UKArchive ID: 36681The Dogwood Tree by harry
Originally published on July 1, 2016 in Fiction

What tea and cookies can't conceal.

The Dogwood Tree

Harry Buschman

“I wish you’d show a little more enthusiasm Marcie. You’re playing the Saint-Saens fourth at Tanglewood in two weeks. Why don’t you practice a little?”

“I know it Ma. I know it backwards and forwards. I know it better than the conductor knows it.”

“It’s not good to take that attitude into the concert hall, Marcie.”

Marcie stood up stiffly and stretched. She walked to the window and looked out at the dogwood flowering on the front lawn. “It’s no good Ma. It would have been good ten years ago, but I’m twenty-six years old now – I’m not a prodigy any more. There will be a half a dozen girls younger than me. Each of them is as good or better than me.”

“How about I make us a cup of tea?”

“Good idea Mom, tea’s the answer to everything.”

Marcie’s mother put her sewing down and walked to the kitchen. It felt good to be doing something. Yes, tea would be just the thing. Marcie would play the Saint-Saens this afternoon after a nice cup of tea. Her enthusiasm would be revived. She’ll be rarin’ to go in two weeks – she’ll give the performance of her young life. She could see the headlines materialize in the steam from the spout on the teapot … “Local girl creates sensation at Tanglewood! Maestro Goldsmith praises “performance of the season!”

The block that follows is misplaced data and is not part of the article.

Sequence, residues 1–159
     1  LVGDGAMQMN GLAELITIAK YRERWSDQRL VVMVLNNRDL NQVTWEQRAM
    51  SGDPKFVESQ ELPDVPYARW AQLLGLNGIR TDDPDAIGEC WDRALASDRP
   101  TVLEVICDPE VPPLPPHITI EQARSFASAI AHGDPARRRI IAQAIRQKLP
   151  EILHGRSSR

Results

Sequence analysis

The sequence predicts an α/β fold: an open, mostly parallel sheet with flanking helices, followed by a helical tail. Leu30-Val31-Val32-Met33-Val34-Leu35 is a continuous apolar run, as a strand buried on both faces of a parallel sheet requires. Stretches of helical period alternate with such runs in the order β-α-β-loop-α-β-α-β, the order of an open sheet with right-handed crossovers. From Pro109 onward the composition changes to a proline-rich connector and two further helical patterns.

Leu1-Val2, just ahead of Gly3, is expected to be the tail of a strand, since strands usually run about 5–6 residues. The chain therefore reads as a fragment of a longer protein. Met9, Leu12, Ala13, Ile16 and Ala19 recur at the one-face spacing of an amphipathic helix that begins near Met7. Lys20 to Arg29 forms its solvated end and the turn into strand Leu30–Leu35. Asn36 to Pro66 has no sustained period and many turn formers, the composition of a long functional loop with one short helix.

She wondered a little if maybe she was driving Marcie a little too hard lately, but she quickly put it out of her mind. In the end Marcie would thank her for it. “Ma, if it hadn’t been for you I’d have given up long ago … you were the reason I won … you.”

She walked back into the living room with the tea and the cookies she had made last night. Marcie was sitll standing at the window looking out at the dogwood tree.

© harry (harry on OLD UKA)
UKArchive ID: 36681
Archived comments for The Dogwood Tree
Mikeverdi on 02-07-2016
The Dogwood Tree
I love this piece Harry, so much to draw from it. The lost life, the what could have beens. And all on the mothers side. My mother was the same, "I could have been anything I wanted to be" She didn't realise I was already there. I got the pent up emotions of the woman looking out, brilliantly written.


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pdemitchell on 03-07-2016
The Dogwood Tree
Bravo, Harry - a wonderful melancholic snapshot of the what-ifs and what-might-have-beens in life. Mitch

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